“In architecture,” he once said, “the most important thing is astonishment.” That would be the word for Brasília. The spanking-new Brazilian capital, its landmarks all designed by Niemeyer, landed in 1960 like a meteor in the nation’s vast interior. Niemeyer was an unorthodox Modernist with lyrical instincts, one who liked to massage the square shoulders of the Miesian box with teasing curves. The city has always had its critics; the late Robert Hughes, then TIME’s art critic, called it a “utopian horror.” But the brave new Brasília epitomized the 20th century will to find the forms of tomorrow. They just don’t make the future like that anymore.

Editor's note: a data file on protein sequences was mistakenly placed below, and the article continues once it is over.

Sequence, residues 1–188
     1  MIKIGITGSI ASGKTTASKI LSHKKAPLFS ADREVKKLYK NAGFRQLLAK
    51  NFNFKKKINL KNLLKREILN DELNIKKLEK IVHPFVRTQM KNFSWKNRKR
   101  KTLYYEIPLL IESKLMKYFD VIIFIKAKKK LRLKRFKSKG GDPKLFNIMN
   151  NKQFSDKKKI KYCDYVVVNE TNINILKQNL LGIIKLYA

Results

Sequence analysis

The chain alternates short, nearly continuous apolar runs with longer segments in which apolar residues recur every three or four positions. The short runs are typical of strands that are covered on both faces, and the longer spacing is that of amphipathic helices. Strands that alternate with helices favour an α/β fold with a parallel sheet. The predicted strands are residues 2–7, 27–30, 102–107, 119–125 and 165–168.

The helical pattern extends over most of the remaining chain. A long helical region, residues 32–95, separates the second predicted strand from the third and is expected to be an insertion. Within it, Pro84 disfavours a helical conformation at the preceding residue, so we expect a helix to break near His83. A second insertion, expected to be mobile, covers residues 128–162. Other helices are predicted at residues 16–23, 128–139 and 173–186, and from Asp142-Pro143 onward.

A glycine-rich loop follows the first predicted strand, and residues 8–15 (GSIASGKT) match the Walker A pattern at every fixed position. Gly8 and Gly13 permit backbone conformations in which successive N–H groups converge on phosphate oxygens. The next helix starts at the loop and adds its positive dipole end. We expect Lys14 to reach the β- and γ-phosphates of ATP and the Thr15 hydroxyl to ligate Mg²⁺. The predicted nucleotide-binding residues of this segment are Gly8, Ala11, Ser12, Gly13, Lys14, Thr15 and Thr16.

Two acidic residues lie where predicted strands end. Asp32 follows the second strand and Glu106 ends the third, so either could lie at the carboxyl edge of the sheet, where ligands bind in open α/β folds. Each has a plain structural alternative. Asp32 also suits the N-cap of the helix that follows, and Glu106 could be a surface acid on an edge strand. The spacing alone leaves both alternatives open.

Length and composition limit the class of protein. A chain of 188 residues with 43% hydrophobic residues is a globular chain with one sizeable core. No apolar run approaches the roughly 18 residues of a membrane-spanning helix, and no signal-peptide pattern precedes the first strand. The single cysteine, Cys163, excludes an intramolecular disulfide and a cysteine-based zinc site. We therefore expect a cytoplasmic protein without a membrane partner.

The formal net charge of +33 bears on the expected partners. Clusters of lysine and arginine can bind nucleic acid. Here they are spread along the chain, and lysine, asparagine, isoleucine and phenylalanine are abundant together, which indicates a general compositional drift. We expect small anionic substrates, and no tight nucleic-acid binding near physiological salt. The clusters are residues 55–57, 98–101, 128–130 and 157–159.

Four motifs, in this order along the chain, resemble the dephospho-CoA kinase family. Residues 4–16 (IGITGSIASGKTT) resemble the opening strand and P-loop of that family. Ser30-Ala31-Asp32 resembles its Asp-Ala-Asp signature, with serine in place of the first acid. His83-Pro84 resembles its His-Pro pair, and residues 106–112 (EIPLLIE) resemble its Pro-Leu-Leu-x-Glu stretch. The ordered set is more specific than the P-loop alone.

Lacayo is TIME’s art and architecture critic
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